With regard to the mass being a ‘true propitiatory sacrifice’ for sins both of the living and the dead, Ridley said there was nothing in Scripture to support such a claim. There is neither sacrificing priest nor propitiatory sacrifice today in the church.

‘In the New Testament’, he declared, ‘there is one only sacrifice now already long since offered, which is able to make the comers thereunto perfect for ever; therefore, in the New Testament church they ought to cease from offering any more propitiatory sacrifice. “By himself he hath purged our sins”. I beseech you mark these words’.

Ridley continued, ‘”by himself … he hath reconciled us in the body of his flesh”. Mark, I beseech you: he saith not in the mystery of his body, but “in the body of his flesh”’. All the subtle shifts of the Roman ‘doctors’ could not nullify these clear assertions of the Scriptures.

Hugh Latimer


Ridley declared the disputation at Oxford ‘a shameful display’. ‘They cried, “Blasphemies, blasphemies, blasphemies”; like the riot at Ephesus or the disputes with the Arians, all was tumult’.

Ridley was condemned and formally divested of all his symbols of office. When they uttered the words, ‘We do take from thee the office of preaching the gospel’, Ridley looked toward heaven and sighed, ‘O Lord God, forgive them their wickedness’.

When the day came for him to suffer, he was led out to the stake with Latimer following behind. At the stake he said to Latimer, ‘Be of good heart, brother, for God will either assuage the fury of the flame, or else strengthen us to abide it’.

A sermon was preached, but they were not allowed to say anything in response to it, but at the conclusion of it Ridley said, ‘Well, so long as the breath is in my body, I will never deny my Lord Christ and his known truth: God’s will be done in me’.

When the fire was lit, Latimer being elderly died quite soon, but Ridley was younger, and the wind blew the flames away from him. He suffered badly as the faggots smouldered around his legs, and cried out for the fire to be stirred up. After much suffering, the fire suddenly flared up, and Ridley died. Those who witnessed his death were struck with awe and sorrow.


Before Ridley died, he wrote from prison a ‘piteous lamentation’ on the miserable state of the Church of England in its ‘late revolt from the gospel’. He was referring to what had happened following Mary’s accession to the throne.

The communion service had been replaced once again by the Roman mass; altars had been restored in the churches; images were worshipped again; sacrificing priests had replaced gospel ministers; and the supremacy of the pope had been reintroduced into the realm of England.

The nation had again fallen into apostasy, because these changes were not the result of the errors of a few, but had been enacted as laws of the land by which the nation had been incorporated into the see of Rome.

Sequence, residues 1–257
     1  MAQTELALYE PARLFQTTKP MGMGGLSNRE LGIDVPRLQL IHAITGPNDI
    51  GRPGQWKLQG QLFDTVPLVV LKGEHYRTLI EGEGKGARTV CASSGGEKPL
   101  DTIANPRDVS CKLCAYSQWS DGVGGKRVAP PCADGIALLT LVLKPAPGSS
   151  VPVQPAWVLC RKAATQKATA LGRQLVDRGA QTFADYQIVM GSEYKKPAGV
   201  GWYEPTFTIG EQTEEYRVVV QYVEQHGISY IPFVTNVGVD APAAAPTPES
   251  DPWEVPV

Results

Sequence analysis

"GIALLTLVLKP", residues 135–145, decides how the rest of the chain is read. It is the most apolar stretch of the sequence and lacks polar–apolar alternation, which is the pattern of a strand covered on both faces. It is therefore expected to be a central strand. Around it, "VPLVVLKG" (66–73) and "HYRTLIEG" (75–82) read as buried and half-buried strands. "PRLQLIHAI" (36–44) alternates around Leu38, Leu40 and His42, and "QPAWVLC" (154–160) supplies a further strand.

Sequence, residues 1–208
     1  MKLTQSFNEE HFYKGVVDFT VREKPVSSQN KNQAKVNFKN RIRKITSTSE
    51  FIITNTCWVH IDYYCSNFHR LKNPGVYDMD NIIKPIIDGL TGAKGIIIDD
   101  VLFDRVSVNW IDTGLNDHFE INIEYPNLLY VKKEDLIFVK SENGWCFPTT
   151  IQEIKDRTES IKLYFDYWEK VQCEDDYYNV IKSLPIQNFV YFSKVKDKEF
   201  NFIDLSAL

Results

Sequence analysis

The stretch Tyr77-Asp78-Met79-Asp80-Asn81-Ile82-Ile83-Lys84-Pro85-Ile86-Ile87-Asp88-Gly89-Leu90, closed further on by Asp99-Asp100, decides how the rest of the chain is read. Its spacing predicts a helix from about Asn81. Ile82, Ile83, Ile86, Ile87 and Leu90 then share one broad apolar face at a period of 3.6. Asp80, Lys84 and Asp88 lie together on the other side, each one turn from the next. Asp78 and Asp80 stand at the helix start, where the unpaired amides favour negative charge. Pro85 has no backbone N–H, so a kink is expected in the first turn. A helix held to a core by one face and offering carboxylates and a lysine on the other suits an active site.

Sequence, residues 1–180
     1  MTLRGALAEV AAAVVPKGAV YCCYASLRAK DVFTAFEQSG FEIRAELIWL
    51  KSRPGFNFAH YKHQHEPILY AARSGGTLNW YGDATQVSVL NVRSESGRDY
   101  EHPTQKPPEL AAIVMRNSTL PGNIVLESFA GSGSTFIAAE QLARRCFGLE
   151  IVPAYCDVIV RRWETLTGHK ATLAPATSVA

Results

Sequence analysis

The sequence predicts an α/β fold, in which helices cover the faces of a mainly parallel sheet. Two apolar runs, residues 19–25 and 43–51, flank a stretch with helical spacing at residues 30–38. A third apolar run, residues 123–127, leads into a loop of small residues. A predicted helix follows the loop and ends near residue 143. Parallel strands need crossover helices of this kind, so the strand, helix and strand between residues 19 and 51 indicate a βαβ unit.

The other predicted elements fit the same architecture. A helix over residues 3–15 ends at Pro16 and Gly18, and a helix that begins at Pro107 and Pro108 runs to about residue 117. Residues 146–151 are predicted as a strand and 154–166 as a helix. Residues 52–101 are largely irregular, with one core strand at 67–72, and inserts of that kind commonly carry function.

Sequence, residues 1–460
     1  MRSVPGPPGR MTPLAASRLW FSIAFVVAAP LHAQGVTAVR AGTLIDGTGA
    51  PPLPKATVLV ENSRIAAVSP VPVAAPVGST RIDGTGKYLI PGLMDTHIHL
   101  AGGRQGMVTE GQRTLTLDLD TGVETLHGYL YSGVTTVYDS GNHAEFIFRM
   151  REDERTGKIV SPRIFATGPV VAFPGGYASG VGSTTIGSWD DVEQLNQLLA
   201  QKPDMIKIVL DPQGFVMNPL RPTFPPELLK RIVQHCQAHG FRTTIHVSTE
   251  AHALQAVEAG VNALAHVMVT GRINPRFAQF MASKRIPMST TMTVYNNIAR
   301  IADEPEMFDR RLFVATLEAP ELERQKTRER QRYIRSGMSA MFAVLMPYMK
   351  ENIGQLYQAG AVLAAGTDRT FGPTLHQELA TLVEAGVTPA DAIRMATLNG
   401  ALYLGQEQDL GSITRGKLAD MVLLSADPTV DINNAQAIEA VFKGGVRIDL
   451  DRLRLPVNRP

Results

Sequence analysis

‘When I consider’, said Ridley, ‘the ways of the Romish religion and how it contrasts with Scripture, it may be evident and easy to perceive, that these two ways, these two religions, the one of Christ, the other of the Romish see, in these latter days, be as far distant the one from the other, as light and darkness, good and evil, righteousness and unrighteousness, Christ and Belial’.

Miserable state

When we now look upon the miserable state of the Church of England (among others), should we not also raise a lamentation for its condition? In our time a similar apostasy has taken place.

The Book of Common Prayer, fashioned by the Reformers, has been replaced by new services, approximating more and more to the Roman mass, to which they aspire. Mass vestments have been introduced, images erected. The remains of Thomas à Becket have been brought back to Canterbury Cathedral.

The Archbishop of Canterbury joins with the pope in Rome in opening a door, which is supposed to confer plenary indulgence on pilgrims. Ecumenical agreements between Rome and Canterbury have been drawn up which affirm transubstantiation, the sacrifice of the mass, and papal primacy.

As Ridley said, what compounds these errors is that they are not the aberrations of individuals, but express the collective will of the Synods of the Church of England. They have become the official position.

Anyone who has a heartfelt concern for the spiritual state of our land can only echo Ridley’s lamentation: ‘Alas! England, alas! That this heavy plague of God should fall upon thee. Alas! My dear beloved country, what thing is it now that may do thee good?’